I joined people living with arthritis at a Parliamentary event in Westminster on Tuesday 2nd July. I heard firsthand about the impact the chronic pain associated with the condition can have on the ability to remain in employment and how to ensure every person with arthritis who wants to work has the support they need.
At the event, healthcare charity, Versus Arthritis launched its new report, Working it Out: Demanding More From the Access to Work Scheme. Access to Work is a government scheme that can provide valuable workplace assistance, such as specialist equipment, transport and support staff.
However, the charity found that 59% of people they spoke to had never heard of the Access to Work scheme, with many more unaware of the type of help it can provide. This means that too many people with arthritis are going without the support they need and are unnecessarily struggling or dropping out of work.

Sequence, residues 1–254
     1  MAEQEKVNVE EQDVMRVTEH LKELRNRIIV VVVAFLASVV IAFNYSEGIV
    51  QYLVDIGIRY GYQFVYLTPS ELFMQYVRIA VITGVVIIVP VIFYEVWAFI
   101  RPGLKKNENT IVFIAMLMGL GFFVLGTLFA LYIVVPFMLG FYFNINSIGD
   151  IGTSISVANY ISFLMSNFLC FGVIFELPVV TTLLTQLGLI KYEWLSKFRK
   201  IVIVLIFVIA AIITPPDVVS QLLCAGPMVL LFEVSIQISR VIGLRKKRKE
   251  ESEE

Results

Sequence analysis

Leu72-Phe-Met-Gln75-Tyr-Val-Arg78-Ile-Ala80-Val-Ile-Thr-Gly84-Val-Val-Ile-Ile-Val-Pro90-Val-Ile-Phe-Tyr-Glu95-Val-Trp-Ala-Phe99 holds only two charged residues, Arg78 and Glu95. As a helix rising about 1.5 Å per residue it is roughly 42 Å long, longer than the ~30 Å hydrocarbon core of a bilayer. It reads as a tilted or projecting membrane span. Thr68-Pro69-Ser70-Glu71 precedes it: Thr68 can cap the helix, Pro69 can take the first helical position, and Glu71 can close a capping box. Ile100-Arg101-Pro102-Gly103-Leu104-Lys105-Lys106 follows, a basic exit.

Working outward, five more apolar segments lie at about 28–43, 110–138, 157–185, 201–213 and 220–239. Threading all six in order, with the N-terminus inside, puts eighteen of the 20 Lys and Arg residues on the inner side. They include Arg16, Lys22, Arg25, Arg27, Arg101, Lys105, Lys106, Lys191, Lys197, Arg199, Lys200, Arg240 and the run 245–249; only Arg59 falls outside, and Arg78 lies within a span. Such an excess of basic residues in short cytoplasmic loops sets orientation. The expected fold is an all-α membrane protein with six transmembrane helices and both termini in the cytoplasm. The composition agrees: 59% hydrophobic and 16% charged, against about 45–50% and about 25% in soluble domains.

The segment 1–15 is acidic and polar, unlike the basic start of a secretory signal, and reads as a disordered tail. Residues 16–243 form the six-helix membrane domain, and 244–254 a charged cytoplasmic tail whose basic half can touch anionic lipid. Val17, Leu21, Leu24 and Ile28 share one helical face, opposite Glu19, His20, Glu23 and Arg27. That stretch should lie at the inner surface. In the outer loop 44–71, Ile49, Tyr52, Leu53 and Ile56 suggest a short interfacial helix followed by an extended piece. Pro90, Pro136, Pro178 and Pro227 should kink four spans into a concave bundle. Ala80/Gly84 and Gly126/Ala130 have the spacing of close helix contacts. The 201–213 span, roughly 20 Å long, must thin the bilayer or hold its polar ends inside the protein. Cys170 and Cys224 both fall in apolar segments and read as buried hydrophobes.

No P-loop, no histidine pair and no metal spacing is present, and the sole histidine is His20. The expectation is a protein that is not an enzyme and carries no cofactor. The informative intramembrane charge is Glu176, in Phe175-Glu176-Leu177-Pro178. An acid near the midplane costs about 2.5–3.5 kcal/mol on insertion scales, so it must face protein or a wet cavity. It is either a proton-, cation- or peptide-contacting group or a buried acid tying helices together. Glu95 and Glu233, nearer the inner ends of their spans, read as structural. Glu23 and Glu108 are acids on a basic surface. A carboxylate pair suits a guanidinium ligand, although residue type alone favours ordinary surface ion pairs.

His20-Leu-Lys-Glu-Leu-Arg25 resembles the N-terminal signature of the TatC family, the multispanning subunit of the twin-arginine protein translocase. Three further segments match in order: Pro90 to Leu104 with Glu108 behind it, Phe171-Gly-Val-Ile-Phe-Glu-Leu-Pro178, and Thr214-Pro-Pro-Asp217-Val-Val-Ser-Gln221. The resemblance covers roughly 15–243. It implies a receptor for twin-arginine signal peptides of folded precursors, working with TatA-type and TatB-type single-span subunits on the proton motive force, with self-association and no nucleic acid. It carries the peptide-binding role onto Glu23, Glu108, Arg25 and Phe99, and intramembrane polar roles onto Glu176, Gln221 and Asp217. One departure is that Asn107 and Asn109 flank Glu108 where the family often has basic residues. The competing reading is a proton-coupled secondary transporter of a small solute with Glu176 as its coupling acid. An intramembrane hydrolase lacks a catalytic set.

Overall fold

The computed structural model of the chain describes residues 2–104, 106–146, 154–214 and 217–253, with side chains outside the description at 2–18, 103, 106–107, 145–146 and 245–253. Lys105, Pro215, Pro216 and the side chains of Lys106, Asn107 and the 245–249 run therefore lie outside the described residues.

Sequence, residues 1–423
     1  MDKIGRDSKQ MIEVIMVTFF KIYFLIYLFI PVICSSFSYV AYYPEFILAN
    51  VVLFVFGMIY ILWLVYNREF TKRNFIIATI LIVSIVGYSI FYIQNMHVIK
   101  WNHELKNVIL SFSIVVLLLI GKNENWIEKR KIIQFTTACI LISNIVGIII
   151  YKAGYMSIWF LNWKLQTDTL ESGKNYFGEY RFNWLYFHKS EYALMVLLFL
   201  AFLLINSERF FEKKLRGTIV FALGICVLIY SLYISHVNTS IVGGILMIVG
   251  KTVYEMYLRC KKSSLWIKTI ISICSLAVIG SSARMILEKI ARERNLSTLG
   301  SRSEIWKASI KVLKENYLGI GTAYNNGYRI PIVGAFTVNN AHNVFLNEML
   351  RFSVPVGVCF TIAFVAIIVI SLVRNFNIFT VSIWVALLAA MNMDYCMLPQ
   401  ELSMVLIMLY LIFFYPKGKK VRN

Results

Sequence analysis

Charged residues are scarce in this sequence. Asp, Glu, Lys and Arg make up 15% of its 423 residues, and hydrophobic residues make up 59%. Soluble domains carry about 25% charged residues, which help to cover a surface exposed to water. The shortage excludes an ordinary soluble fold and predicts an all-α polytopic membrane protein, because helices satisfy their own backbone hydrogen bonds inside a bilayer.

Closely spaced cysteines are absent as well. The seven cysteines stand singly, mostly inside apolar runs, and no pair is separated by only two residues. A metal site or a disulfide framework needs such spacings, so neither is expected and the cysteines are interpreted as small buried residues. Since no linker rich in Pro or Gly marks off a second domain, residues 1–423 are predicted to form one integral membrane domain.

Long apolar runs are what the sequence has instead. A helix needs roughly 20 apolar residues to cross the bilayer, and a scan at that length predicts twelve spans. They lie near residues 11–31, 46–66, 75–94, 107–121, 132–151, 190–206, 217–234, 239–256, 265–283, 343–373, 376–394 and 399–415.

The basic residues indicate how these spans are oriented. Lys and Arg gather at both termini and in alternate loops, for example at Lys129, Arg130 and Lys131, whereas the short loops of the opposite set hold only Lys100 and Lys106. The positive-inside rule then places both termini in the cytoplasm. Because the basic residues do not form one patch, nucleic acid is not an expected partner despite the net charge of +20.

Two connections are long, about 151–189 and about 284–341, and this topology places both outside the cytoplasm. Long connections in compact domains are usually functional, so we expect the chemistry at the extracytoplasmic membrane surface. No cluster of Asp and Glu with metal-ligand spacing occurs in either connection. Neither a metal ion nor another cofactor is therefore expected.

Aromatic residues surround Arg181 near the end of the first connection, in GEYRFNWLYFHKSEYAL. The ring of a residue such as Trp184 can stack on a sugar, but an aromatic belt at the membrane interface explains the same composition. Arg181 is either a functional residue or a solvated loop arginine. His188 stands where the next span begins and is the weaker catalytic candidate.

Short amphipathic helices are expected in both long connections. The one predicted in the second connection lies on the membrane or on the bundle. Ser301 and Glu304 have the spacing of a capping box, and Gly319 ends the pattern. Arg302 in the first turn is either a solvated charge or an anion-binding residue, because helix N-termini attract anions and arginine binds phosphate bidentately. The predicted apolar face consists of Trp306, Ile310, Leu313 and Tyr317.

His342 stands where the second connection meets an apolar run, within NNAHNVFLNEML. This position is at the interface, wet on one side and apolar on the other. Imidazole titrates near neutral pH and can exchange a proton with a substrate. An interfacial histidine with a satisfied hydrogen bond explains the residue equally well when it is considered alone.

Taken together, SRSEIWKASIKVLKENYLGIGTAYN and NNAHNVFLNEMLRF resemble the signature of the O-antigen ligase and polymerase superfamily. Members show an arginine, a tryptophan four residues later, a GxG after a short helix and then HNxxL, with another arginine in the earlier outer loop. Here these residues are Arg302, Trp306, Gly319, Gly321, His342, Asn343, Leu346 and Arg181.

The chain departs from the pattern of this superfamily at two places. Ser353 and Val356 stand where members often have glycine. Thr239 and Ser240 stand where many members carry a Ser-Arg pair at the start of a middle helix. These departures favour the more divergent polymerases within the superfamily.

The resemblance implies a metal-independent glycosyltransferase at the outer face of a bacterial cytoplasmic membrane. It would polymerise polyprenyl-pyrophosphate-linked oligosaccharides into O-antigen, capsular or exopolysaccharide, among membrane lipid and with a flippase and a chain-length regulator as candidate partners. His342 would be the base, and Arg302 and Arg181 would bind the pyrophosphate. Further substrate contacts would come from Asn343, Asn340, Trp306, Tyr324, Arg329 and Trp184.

Arthritis can make work more difficult, with tasks such as commuting, carrying equipment or even typing becoming challenging. Only 63% of working age adults with a musculoskeletal condition are in work, compared to 81% of people with no health conditions.
The Government has pledged to see one million more disabled people and those with long-term health conditions in work by 2027. To achieve this target, it is vital that people with arthritis have the support they need to stay in or return to work.
Versus Arthritis also found that one in four applicants (with arthritis) surveyed said the scheme was difficult to communicate with, and three quarters did not know they were entitled to a review of their support.
Versus Arthritis is calling for ongoing promotion of the scheme to people with arthritis and improvements to the way it operates, so that people with arthritis do not face barriers to getting the right support.